Sometimes known as a serving pantry or a scullery, a butler's pantry is a transitional space between a kitchen and a dining area that's often used as a storage, food prep, or staging space. Although butler's pantries originally served as secure storage spaces for fine china and other heirlooms, today's butler's pantries have myriad uses—from food staging spaces, to coffee bars, to miniature wine cellars.
Whether you have bow-tie clad waitstaff or not, a butler's pantry can be a huge perk in a modern home. Learn more about the history of butler's pantries, their modern uses, and the must-have features and accessories for a functional, efficient, and beautiful modern butler's pantry.
The History of Butler's Pantries
Back in the day, butler's pantries were spaces the home's butler used to store, count, and polish valuable heirlooms, like silver, china, crystal, and serving platters, among other dining and entertaining accessories. More often than not, these spaces were kept locked up to prevent theft—and some butlers even slept in their pantries.
Modern Uses for a Butler's Pantry
Thanks to different architectural trends and homeowners' shifting perceptions and priorities, today's butler's pantries can be much more than a simple storage space—although they still make excellent storage spaces. Here are some of our favorite uses for a modern-day butler's pantry.
- A food prep space. If you love to entertain, a butler's pantry can make prepping and staging large meals much easier—and free up tons of counter space, so you can keep cooking. Because the butler's pantry is typically located between a home's kitchen and its dining area, it's the perfect place to store ready-to-eat dishes, plate food, or even store dirty dishes until the party is over.
- Extra storage space. Sure, it's a no-brainer, but who doesn't need extra storage in the kitchen? Whether you need to store extra cookware, glassware, and dishware, large platters or serving dishes for entertaining, or your beloved collection of coffee mugs, a butler's pantry can provide some much-needed storage space in a jam-packed kitchen.
- Storage for snacks. Think beyond your regular old pantry and picture the snack storage space of your dreams! Not only does a butler's pantry provide extra storage space for your favorite treats, but it can make them easier to access, too. If you have kids, consider placing their favorite foods and snacks in lower cabinets or drawers for easy access; and keep your adults-only snacks—like that super expensive dark chocolate you love—in higher cabinets. The additional space in a butler's pantry allows some serious snack organization, too. Try putting single-serve snacks in cute baskets or trays, and put multi-serving items in air-tight glass jars or containers.
- A tricked-out coffee bar. Between coffee beans, a coffee bean grinder, coffee maker or French press, and mugs, your daily cup of joe can take up a ton of counter space. Putting your coffee prep station can clear your counters and keep all of your gear super organized.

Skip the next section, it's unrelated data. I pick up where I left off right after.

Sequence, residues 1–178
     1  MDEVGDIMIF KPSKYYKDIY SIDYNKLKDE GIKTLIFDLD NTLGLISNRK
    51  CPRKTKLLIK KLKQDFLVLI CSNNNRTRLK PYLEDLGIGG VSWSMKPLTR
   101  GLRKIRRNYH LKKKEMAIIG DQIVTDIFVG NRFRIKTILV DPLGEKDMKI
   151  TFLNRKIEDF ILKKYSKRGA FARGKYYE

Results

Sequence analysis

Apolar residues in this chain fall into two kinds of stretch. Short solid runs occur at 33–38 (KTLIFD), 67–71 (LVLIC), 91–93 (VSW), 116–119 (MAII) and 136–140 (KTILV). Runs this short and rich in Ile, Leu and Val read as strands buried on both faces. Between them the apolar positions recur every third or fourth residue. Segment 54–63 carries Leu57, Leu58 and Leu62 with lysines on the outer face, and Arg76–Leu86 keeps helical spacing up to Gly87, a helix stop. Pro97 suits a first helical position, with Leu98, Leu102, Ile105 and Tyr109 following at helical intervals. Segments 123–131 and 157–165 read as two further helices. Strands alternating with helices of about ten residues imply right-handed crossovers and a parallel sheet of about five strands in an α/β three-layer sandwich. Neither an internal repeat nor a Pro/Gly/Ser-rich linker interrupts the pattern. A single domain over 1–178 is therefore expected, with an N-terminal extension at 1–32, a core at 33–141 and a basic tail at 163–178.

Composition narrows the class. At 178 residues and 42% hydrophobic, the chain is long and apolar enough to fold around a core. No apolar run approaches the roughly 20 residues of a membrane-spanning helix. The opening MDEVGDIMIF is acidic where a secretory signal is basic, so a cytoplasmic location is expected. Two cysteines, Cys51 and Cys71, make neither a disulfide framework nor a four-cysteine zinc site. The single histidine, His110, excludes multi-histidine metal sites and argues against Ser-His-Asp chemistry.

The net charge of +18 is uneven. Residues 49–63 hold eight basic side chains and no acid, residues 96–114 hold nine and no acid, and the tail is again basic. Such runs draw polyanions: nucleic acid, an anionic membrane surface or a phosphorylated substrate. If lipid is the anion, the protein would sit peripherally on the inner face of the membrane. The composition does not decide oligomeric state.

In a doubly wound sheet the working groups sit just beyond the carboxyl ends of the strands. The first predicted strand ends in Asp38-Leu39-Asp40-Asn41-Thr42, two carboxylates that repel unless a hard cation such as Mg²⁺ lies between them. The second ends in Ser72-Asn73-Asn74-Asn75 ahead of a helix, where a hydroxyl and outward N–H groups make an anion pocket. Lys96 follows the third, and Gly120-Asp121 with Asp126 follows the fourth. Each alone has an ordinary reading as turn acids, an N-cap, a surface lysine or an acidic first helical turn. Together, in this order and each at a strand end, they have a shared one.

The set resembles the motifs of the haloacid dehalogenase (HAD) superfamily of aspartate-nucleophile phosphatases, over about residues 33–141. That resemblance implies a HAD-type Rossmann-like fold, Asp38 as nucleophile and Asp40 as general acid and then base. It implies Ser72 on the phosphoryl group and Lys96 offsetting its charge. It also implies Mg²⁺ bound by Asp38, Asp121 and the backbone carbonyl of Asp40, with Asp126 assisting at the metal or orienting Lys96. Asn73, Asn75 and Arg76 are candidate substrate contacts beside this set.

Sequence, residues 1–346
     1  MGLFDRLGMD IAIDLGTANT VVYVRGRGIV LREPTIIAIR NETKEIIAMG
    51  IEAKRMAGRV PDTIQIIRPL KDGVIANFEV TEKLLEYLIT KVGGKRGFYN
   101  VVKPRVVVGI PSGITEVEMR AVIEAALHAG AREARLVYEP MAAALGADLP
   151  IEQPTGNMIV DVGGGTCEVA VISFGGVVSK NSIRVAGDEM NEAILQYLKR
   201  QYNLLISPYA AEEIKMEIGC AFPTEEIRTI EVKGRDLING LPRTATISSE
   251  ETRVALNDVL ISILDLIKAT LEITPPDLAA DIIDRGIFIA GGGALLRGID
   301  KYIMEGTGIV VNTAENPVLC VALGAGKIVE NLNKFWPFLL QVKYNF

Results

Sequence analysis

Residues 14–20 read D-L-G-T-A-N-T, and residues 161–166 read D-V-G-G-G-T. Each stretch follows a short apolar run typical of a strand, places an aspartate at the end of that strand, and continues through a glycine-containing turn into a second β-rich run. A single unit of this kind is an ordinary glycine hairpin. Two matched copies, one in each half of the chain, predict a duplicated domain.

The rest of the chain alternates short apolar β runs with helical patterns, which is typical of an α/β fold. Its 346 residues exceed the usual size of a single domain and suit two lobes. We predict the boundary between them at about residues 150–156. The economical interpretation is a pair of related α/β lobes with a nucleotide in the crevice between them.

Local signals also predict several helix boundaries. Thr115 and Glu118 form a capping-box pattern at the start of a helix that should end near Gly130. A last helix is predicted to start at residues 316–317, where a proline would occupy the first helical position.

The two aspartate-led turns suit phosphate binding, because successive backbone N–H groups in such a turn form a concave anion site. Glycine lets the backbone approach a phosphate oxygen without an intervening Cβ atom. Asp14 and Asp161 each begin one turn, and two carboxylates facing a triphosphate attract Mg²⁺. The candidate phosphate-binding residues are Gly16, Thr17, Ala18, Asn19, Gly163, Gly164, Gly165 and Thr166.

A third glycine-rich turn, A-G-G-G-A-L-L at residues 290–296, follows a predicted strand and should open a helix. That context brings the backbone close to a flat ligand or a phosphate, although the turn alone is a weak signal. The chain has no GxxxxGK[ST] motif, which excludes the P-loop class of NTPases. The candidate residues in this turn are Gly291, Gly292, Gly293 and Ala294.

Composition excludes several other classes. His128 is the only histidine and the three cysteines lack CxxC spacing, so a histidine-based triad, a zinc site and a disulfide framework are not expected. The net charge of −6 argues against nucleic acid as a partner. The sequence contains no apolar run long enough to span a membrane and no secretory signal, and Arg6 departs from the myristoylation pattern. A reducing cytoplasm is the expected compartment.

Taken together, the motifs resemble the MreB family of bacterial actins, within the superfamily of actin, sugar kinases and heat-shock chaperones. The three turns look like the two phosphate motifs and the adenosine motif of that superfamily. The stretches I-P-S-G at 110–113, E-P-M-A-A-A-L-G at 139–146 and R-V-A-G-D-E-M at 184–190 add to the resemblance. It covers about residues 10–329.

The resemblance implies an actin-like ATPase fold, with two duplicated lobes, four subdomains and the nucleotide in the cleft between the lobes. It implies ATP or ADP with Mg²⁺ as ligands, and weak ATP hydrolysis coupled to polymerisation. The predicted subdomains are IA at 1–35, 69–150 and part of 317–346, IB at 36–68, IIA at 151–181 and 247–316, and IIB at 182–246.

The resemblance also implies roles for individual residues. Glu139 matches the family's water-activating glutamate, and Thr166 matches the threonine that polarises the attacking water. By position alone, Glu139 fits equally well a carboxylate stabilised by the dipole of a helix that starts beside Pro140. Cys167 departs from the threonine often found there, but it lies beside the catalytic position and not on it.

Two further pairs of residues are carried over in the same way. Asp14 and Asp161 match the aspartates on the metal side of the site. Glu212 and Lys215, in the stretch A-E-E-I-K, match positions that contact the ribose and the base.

- A simple wine cellar. Few of us are lucky enough to have an entire wine cellar in our homes. Using a butler's pantry to store your vino and glassware, however, can transport you from a humdrum Tuesday night to a vacation in Napa. You'll have to install a small wine refrigerator to keep your wine at the perfect, cellar-like temperature, but fortunately, mini wine coolers can be found at most kitchen and home retailers.
How to Build a Butler's Pantry
If you have a small enclave or closet near your kitchen, you're in luck: By adding some cabinets and counters, you can turn this unused space into an awesome butler's pantry. Whether you work with a builder or DIY the cabinets and counters, it's important to consider not only the space, but your family's needs. How will your family use the butler's pantry? Do you need to add a small refrigerator, sink, or dishwasher, and need a plumber or electrician? Would you prefer cabinets or open shelving for easy access?
If you don't have an unused enclave or closet and need to build a space from scratch, unfortunately, building a butler's pantry will require a lot more work. Be sure to check your area's permitting and building requirements, and work with a fully licensed and insured contractor to complete the job.
Whether you're starting from scratch or redoing an existing space, you can design your butler's pantry however you wish. Some people choose to match the cabinetry and counters with their kitchen cabinets and counters, but Lauren Lowe of Lauren Elaine Interiors recommends getting creative: "When considering the design, remember that the butler’s pantry doesn’t have to be an extension of your kitchen. It’s a great opportunity to be bold with color and pattern!"
Butler Pantry Must-Haves
The must-have elements and accessories will depend largely on how you're going to use your butler's pantry, but Lauren Lowe recommends, "A beautiful tray to house favorite cocktail necessities, lots of storage for serveware and barware, ample countertop space for serving, and a petite lamp to add some charm! We love glass upper cabinets to display beautiful entertaining pieces."
Some other must-haves for your butler's pantry include:
- Ample counter space and cabinets for storing glassware, dishes, platters, and special-use kitchen accessories
- Decorative trays, baskets, or containers to store your favorite snacks, cocktail mixers and accessories, coffee beans, or glassware
- Adequate lighting for food prep or access
- Decorative accents that bring you joy, whether it's a bold wallpaper, bright paint color, or interesting knickknack
Like we said—accessorizing your butler's pantry will depend on how your family is going to use it, but don't be afraid to go bold or experiment with different decorating styles. A butler's pantry is meant to make your life easier, so it's important to make it yours.